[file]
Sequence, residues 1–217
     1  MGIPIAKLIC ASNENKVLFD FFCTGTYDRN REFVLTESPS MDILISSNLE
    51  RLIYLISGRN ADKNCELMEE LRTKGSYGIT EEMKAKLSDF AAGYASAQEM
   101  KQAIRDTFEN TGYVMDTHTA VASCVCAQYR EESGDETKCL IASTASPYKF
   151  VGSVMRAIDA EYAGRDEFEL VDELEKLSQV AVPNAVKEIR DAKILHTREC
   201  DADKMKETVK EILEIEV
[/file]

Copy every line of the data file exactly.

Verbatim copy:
Sequence, residues 1–217
     1  MGIPIAKLIC ASNENKVLFD FFCTGTYDRN REFVLTESPS MDILISSNLE
    51  RLIYLISGRN ADKNCELMEE LRTKGSYGIT EEMKAKLSDF AAGYASAQEM
   101  KQAIRDTFEN TGYVMDTHTA VASCVCAQYR EESGDETKCL IASTASPYKF
   151  VGSVMRAIDA EYAGRDEFEL VDELEKLSQV AVPNAVKEIR DAKILHTREC
   201  DADKMKETVK EILEIEV